– Highlights


Pipilotti Rist: Sip my Ocean

01 Nov - 18 Feb


Jon Campbell: MCA Collection

04 Dec - 25 Feb


Word: MCA Collection

04 Dec - 18 Feb

– Learning Events


ARTBAR January 2018

19 Jan, 7.00pm, Throughout the MCA


Contemporary Kids School Holiday Program

23 Jan, 10.30am, Level 3: National Centre for Creative Learning


Art Baby

06 Feb, 12.30pm, MCA

– News from inside the MCA

The Importance of Laughter

We sat down with laughter connoisseur Shari Coventry from Sydney Laughter to discover the truth about laughter and why we need it ahead of this month’s Laughter Sessions. more

Coming up in 2018…

Next year is one of the most exciting and diverse seasons yet. Find out what’s on. more

Six Films that Changed My Life (for better or worse): Antenna's Rich Welch

To pave the way for the soon-to-come cinema binge at Antenna Film Festival,Co-Director Rich Welch shared a few of his life changing films. more

– Spotlights from the collection online

MCA Collection

Works from the MCA Collection

Collection Artist Interviews

Watch our latest interviews in the MCA Video Portal

Joint acquisitions by MCA and Tate

The Program promotes Australian art globally, helping Australian artists reach new audiences.

19th Biennale of Sydney: You Imagine What You Desire

Museum of Contemporary Art Australia (MCA)


21 Mar 2014 to 09 Jun 2014


James Angus, Benjamin Armstrong, Martin Boyce, David Claerbout, Nathan Coley, Hubert Czerepok, Aurélien Froment, Søren Thilo Funder, Douglas Gordon, Roni Horn, Jim Lambie, Ann Lislegaard, TV Moore, Pipilotti Rist, Emily Roysdon, Gerda Steiner & Jörg Lenzlinger, John Stezaker, Corin Sworn, Emily Wardill


Juliana Engberg

about the exhibition

The 19th Biennale of Sydney: You Imagine What You Desire, curated by Juliana Engberg, presented the work of 92 artists from 31 countries at various partner venues including the Museum of Contemporary Art Australia, Art Gallery of New South Wales, Cockatoo Island, Carriageworks, and Artspace

At the MCA the 19th Biennale of Sydney was presented across two floors of the Museum and featured 48 artworks by 19 artists that drew on the elements of air and water and explored the realms of the imaginative and the surreal. Visitors to Circular Quay were presented with the title piece of the exhibition, Nathan Coley’s illuminated text work, YOU IMAGINE WHAT YOU DESIRE (2014), located on the exterior façade of the museum.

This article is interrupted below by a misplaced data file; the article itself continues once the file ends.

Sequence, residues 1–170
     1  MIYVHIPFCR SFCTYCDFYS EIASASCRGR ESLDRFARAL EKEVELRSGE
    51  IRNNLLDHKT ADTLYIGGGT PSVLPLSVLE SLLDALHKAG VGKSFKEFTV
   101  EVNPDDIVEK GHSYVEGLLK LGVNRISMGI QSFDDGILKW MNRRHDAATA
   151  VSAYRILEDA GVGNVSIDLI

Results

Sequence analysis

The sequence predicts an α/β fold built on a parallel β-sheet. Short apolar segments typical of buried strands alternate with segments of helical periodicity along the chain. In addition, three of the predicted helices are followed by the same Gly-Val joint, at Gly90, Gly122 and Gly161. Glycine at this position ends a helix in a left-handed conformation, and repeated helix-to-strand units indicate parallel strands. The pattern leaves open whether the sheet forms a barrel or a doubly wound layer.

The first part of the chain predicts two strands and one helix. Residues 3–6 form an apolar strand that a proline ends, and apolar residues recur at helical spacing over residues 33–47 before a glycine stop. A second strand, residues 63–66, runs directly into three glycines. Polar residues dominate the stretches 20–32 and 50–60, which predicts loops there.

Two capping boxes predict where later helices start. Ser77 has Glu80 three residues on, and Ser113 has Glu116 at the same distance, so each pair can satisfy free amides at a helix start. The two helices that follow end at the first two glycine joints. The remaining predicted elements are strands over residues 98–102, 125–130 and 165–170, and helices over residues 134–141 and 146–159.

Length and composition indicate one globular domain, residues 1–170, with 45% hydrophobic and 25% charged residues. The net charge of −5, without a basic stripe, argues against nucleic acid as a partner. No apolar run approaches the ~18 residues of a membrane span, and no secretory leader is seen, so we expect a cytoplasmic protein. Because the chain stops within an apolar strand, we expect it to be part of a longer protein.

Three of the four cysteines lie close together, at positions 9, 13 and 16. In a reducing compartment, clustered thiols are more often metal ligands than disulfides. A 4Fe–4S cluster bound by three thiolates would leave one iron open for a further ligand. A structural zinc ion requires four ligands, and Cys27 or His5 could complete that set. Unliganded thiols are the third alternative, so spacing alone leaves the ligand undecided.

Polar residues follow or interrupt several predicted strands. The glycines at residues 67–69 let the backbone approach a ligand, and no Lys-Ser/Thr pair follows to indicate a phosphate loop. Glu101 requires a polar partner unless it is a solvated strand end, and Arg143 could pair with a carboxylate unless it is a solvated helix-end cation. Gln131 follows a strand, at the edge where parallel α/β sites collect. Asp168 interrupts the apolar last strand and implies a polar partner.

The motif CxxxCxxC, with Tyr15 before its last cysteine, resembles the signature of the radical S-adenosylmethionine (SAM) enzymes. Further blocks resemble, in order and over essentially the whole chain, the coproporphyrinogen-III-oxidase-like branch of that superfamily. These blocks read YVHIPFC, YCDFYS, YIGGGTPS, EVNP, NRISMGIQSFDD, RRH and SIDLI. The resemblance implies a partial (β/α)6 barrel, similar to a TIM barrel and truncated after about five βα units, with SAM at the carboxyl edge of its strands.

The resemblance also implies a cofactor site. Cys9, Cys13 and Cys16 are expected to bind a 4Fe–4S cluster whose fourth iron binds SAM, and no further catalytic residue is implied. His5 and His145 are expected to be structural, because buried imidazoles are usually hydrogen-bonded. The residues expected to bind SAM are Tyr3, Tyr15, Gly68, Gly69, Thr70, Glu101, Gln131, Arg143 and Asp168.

The exhibition spaces on level one were transformed into dreamlike wonderlands filled with colour. Jim Lambie’s vibrant Zobop (2014) floor piece thrilled audiences as they navigated their way around the gallery. Entering the double-height space on level one, visitors were transported into the fluid world of colour and sound that was Pipilotti Rist’s video environment Mercy Garden Retour Skin (2014), a new work commissioned for the 19th Biennale.

The Level 3 gallery greeted visitors with Madness is Like Gravity (2012), by Polish artist Hubert Czerepok, the neon spiral of letters spelling out a quote from the Batman film The Dark Knight. Paying homage to the genres of science-fiction literature and film, Ann Lislegaard exhibited her animated video work Oracles, Owls… Some Animals Never Sleep (2012–13). Glasgow-based artist Corin Sworn presented the video installation piece The Rag Papers (2013), which explores ideas of imagination, observation and curiosity in the style of a detective story.

Australian artist TV Moore combined colour and texture in a series of five hybrid-media collage pieces. Emily Wardill’s video work When you fall into a trance (2013) examined proprioception and concepts of body language and communication. Turner Prize–winning artist Douglas Gordon presented Phantom (2011), a heart-wrenching video installation that incorporates two Steinway pianos (one burned to ashes) and a soundtrack featuring the voice of Rufus Wainwright.

American artist Emily Roysdon explored temporality and the effects of time on the body in Our Short Century (2013), an installation composed of photographs, photograms, screen prints, video and audio. Aurélien Froment presented Tombeau de Ferdinand Cheval (2013), a series of 50 black-and- white photographs documenting the Ideal Palace located in Hauterives in south-east France.

Australian artist Benjamin Armstrong exhibited five sculptural pieces referencing modernism, primitivism and the surreal. A dreamlike collage series titled Souls (2011), by Gerda Steiner & Jörg Lenzlinger, continued the theme of surrealism; while three playful sculptures by James Angus repurposed the supporting structures of the modernist grid building.

Examining the intersection of film and photography, David Claerbout’s The Quiet Shore (2011) provided a peaceful space for the contemplation of perspective. Roni Horn’s series of magnificent glass sculptures, Nine Liquid Incidents (2010–12), created a meditative environment that alluded to water and light. The mixed-media work Last Light (2014), by Martin Boyce, presented a series of his sculptures reconfigured into a psychologically charged installation examining ideas of public space. First Citizen (House of the Deaf Man) (2013), by Søren Thilo Funder, investigated the link between the psychology of the individual citizen and the rituals of citizenship.

English artist John Stezaker exhibited the largest presentation of his surrealistic collage works in Australia to date, including works from the Mask and Marriage series.